(Italian, b. 1926)


Arnaldo Pomodoro was born in 1926 in Morciano di Romagna, Italy. In his twenties, he participated in the post–World War II reconstruction planning for public buildings at the Department of Civil Engineering in Pesaro, where he spent his childhood. While studying at the Pesaro Art Academy, Pomodoro focused on stage design, learning goldsmithery at workshops on the side.

In the 1950s, Pomodoro used basic hand tools to create a series of flat reliefs, a process he practiced for architectural design. These reliefs were influenced by and dedicated to the simple lines found in the drawings of Swiss–German artist Paul Klee. Pomodoro isolated sections of drawing and transformed the flat marks into raised textures. By the beginning of the next decade, he incorporated the relief–making process into the much larger, three–dimensional works for which he is now internationally known.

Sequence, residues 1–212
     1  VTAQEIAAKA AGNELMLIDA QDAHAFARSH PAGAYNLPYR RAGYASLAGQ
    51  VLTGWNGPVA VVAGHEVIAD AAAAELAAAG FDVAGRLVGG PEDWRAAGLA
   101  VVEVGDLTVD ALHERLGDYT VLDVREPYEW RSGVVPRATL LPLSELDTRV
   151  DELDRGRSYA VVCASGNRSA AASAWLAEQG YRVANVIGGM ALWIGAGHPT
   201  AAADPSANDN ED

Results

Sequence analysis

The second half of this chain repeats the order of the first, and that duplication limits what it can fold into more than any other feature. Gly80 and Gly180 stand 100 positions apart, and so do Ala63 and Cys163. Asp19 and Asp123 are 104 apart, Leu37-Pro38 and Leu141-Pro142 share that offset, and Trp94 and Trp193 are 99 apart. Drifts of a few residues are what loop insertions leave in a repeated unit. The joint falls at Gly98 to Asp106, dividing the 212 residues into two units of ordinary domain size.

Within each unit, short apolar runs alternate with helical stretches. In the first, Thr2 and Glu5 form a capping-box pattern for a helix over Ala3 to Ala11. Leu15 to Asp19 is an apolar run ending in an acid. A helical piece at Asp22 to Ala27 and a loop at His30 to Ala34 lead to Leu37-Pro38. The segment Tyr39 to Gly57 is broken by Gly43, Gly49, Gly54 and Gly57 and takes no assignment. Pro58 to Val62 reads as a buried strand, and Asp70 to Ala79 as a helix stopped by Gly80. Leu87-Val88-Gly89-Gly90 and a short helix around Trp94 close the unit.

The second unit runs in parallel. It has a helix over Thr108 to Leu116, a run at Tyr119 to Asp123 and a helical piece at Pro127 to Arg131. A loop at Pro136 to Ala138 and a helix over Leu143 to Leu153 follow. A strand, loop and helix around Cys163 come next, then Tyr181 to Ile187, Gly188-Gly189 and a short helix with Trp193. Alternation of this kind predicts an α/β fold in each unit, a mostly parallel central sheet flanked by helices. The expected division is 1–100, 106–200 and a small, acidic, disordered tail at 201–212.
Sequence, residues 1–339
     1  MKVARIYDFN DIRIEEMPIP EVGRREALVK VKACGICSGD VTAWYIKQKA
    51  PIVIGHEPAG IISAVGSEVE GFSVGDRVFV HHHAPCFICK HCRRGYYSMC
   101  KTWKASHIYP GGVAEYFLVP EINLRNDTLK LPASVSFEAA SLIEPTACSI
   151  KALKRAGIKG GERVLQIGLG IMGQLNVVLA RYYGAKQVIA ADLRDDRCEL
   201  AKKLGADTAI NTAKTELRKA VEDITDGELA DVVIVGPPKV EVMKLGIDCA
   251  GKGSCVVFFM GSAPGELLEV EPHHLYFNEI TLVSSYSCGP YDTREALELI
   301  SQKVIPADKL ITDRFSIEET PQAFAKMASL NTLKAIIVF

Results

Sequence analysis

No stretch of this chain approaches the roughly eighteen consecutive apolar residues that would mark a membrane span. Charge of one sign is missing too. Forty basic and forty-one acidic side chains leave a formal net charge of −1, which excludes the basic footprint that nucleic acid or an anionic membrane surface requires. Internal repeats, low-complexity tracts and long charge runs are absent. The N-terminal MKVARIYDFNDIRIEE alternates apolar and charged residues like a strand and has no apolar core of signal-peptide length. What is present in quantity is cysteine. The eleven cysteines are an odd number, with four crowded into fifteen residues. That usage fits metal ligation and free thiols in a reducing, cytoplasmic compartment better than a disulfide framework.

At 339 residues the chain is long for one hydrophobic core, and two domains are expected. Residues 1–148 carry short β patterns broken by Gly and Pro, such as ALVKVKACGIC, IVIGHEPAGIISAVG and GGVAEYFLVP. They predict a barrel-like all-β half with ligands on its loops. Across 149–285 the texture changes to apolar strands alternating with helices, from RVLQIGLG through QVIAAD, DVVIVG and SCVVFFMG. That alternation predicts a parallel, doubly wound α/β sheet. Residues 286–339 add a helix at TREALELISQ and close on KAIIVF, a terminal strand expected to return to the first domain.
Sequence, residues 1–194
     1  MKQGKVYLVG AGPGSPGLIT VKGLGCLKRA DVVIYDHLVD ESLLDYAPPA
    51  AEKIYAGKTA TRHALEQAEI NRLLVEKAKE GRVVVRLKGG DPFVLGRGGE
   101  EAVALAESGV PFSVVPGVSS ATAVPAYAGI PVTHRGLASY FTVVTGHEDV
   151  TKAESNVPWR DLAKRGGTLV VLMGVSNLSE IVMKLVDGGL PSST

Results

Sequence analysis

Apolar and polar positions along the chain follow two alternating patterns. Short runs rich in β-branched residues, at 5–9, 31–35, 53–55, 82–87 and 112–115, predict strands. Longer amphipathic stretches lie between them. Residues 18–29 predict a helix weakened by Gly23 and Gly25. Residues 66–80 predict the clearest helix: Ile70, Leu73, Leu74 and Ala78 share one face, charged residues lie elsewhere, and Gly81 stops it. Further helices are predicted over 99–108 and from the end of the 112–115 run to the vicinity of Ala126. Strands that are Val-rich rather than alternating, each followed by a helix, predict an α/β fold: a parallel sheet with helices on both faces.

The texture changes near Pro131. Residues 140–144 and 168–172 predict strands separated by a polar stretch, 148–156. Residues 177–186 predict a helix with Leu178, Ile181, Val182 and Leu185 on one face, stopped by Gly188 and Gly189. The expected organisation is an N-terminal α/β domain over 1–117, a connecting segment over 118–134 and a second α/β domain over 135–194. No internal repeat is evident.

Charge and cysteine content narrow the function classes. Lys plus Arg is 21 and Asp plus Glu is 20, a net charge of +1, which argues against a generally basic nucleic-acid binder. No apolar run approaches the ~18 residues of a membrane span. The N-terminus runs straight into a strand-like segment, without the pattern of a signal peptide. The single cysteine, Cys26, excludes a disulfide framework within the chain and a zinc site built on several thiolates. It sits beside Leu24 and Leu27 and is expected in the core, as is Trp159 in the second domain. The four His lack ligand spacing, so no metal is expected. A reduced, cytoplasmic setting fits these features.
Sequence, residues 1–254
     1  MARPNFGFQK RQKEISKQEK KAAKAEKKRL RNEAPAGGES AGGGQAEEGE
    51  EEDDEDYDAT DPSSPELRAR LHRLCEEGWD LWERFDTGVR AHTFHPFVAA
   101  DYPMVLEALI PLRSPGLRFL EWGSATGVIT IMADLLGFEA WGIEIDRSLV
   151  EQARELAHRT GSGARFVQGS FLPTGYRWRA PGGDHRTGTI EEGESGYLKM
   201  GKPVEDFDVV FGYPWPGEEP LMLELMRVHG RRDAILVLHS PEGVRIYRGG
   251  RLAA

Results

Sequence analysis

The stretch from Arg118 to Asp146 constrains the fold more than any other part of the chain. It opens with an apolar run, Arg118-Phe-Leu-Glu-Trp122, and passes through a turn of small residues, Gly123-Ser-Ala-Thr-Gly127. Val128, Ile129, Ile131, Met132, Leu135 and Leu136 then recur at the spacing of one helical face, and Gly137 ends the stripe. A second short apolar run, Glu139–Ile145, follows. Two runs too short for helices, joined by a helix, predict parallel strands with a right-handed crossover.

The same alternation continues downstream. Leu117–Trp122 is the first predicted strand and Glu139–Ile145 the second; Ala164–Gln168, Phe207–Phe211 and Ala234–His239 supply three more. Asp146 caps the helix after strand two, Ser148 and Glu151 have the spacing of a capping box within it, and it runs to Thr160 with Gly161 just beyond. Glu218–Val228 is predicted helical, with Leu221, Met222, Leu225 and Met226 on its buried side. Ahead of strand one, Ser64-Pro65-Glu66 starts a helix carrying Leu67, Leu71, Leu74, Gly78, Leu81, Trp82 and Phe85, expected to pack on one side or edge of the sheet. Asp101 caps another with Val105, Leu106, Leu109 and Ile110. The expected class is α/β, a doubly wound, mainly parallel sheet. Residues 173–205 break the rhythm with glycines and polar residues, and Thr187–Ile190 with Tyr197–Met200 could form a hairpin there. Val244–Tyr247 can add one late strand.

Pomodoro’s sculptures reveal a cautious attitude towards technological progress. The forms of his pieces often borrow from the smooth designs of mid–20th century technology, yet we can always find along the bronze surfaces blatant disruptions of intense texture, often altered with a different color to create a disconnect within the work. Today, Pomodoro lives and works in Milan.


Written by Dora Zhang, AB in Economics and Visual Arts, 2016


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